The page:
They say that diplomacy is the art of the possible. That is why, despite the conventional wisdom that Israel-U.S. relations have reached a dead end, the two sides can still find a way to move forward. There are even precedents for that.
In 2010, then-President Barack Obama demanded an immediate 10-month freeze of settlement activity in Judea and Samaria. Despite the misgivings in Jerusalem and the political headache this caused for the coalition, Prime Minister Benjamin Netanyahu heeded that request, on the condition that there would not be an extension once the 10 months elapsed. Then, when that moment arrived, the administration did ask for the moratorium to continue for another three months, which put the government in a bind.
What followed was an intense period of negotiations between the White House and Israeli officials, which culminated with a compromise: Israel would agree in exchange for getting its first F-35 fighter jets at a discount.
It was thanks to these talks that we proved that through diplomacy, virtually everything is possible. This premise was once again validated in 2020, in the run-up to the Abraham Accords.
When the Israeli government said it would annex Area C in Judea and Samaria in coordination with President Donald Trump’s administration, this threatened to torpedo the normalization deals with the Gulf states that were in the works. The diplomats then entered the fray and offered a way out: In exchange for ditching the annexation plan, Israel would get to establish diplomatic ties with the United Arab Emirates and then with Bahrain, Sudan and Morocco. This deal allowed the prime minister to explain to the pro-annexation camp that “we may have made a painful concession, but in return, we got something that is a strategic and financial game-changer.”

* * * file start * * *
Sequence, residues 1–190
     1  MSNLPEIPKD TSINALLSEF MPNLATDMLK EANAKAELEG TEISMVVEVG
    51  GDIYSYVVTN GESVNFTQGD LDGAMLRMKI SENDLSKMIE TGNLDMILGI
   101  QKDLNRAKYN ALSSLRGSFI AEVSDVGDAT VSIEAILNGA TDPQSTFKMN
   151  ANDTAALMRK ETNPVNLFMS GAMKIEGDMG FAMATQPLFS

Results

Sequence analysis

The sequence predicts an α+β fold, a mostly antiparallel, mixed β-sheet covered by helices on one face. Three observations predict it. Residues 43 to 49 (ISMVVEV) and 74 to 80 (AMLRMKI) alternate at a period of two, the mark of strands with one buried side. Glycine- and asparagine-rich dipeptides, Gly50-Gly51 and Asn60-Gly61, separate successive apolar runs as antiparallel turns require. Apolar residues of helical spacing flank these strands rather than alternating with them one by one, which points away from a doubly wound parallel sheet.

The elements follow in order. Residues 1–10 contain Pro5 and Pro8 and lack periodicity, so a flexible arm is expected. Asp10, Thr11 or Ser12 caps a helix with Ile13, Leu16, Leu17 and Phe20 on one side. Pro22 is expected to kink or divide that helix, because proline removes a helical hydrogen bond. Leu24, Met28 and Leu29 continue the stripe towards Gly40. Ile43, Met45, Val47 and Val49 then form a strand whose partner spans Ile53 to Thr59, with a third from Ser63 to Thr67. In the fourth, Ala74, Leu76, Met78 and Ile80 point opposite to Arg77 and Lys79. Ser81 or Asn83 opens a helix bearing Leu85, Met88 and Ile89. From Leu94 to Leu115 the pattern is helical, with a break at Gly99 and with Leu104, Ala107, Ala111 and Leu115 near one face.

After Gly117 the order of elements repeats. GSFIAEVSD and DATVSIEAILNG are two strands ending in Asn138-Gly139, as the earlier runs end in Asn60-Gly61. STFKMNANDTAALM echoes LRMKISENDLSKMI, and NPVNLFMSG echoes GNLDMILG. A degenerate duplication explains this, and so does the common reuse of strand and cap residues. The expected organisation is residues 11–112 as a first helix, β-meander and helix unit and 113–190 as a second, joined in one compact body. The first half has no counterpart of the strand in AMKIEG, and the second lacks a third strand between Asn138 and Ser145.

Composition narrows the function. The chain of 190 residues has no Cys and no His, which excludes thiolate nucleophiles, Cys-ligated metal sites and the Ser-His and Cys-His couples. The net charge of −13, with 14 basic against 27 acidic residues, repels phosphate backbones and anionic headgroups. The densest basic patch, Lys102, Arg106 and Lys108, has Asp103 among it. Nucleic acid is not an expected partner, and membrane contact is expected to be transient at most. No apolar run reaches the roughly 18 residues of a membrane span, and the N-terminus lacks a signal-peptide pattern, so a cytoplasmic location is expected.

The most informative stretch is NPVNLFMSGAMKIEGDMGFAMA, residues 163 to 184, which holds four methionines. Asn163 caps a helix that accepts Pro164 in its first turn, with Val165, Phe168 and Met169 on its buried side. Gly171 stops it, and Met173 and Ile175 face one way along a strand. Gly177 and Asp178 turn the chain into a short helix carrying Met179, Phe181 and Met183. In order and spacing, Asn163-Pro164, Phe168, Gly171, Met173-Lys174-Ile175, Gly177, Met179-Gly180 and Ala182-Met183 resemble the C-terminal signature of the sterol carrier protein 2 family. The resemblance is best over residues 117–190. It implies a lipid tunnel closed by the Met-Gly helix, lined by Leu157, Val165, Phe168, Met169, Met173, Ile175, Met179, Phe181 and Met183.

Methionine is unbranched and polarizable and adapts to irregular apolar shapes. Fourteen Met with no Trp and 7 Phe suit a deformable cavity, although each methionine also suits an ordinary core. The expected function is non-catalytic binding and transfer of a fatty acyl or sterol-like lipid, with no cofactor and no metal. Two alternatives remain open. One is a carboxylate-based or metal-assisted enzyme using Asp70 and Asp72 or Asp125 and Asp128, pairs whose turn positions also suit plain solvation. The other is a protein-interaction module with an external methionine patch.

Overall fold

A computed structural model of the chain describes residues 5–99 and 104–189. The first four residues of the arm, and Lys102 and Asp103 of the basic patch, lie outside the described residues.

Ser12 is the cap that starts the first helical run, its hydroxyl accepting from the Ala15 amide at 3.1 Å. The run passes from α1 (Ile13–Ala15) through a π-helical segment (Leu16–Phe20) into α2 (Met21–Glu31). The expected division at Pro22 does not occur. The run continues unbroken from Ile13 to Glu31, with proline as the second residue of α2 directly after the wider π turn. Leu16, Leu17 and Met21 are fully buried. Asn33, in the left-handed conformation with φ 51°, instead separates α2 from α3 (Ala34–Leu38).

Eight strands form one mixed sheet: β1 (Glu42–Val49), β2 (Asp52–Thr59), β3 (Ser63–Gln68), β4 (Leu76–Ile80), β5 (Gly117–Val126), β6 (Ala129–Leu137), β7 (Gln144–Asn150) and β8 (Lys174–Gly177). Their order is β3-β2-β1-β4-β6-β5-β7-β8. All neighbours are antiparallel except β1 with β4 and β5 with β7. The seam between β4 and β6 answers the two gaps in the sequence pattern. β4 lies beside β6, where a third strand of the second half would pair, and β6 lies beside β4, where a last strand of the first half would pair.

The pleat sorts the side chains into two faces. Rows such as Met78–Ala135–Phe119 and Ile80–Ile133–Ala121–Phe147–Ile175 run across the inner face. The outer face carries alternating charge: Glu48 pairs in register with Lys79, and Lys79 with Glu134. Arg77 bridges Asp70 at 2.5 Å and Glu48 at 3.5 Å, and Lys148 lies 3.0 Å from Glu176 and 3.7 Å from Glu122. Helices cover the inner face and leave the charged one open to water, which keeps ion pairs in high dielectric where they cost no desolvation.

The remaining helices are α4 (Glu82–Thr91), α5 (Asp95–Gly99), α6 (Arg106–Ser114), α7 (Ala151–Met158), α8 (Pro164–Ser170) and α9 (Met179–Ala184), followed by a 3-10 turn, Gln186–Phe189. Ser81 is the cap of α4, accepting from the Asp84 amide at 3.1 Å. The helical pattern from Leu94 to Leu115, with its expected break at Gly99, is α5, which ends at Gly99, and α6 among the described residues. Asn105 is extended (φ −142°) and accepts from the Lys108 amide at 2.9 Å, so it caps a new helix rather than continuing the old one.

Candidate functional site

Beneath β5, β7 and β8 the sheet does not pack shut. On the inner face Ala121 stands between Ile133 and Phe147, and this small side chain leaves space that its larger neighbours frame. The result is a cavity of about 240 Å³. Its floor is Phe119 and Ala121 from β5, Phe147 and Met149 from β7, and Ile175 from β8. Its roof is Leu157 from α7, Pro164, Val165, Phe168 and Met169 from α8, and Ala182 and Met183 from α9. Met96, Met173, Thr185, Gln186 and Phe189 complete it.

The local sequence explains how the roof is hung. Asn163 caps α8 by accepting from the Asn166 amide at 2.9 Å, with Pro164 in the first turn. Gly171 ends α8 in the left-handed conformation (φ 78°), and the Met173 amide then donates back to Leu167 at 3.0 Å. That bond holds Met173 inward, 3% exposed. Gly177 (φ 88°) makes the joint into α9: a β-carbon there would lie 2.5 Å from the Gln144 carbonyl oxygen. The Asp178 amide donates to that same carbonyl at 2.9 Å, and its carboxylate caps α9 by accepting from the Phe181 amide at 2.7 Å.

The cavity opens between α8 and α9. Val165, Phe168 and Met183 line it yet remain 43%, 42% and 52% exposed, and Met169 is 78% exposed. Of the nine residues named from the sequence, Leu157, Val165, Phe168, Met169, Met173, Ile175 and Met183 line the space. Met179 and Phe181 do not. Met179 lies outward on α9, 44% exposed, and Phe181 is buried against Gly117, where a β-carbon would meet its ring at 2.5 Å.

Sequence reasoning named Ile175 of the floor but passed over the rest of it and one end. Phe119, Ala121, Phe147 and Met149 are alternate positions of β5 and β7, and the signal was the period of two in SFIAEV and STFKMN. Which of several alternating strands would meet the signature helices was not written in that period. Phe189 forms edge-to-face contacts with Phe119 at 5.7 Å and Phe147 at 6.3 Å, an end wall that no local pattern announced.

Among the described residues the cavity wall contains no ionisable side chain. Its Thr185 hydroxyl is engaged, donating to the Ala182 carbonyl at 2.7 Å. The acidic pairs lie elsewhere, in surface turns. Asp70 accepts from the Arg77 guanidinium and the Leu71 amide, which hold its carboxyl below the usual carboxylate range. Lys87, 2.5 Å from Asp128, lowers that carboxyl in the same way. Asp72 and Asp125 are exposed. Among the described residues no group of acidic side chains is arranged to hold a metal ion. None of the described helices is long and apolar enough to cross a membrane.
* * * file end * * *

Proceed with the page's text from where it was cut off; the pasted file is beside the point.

The question now is this: Is there something the prime minister would be willing to accept in exchange for giving up—even partially—on the current coalition’s judicial reform push?
President Isaac Herzog could raise several options in Washington this week. One of them, for example, is having Israel finally admitted to the U.S. Visa Waiver Program by removing the reported roadblocks recently placed by the administration. Another option is to garner a U.S. pledge to bolster Israel’s strategic capabilities when it comes to countering Iran’s nuclear threat. A third option is to have the White House accommodate Saudi Arabia’s conditions for normalization with Israel by delivering weapon systems.
Diplomacy may make things possible, but it is no magic wand. Even if the Americans offer something worthy, it might not be enough to deliver the support of Netanyahu’s coalition members. Nevertheless, Herzog can try and see what he gets, as moving forward in the relationship is of paramount importance both morally and security-wise.
Originally published by Israel Hayom.